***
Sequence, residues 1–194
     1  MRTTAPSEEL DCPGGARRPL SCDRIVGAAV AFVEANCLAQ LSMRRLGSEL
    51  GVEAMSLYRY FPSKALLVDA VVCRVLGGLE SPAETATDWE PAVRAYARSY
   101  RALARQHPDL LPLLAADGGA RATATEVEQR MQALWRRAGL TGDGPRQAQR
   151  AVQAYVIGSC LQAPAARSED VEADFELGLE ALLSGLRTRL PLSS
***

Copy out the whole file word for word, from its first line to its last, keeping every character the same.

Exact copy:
Sequence, residues 1–194
     1  MRTTAPSEEL DCPGGARRPL SCDRIVGAAV AFVEANCLAQ LSMRRLGSEL
    51  GVEAMSLYRY FPSKALLVDA VVCRVLGGLE SPAETATDWE PAVRAYARSY
   101  RALARQHPDL LPLLAADGGA RATATEVEQR MQALWRRAGL TGDGPRQAQR
   151  AVQAYVIGSC LQAPAARSED VEADFELGLE ALLSGLRTRL PLSS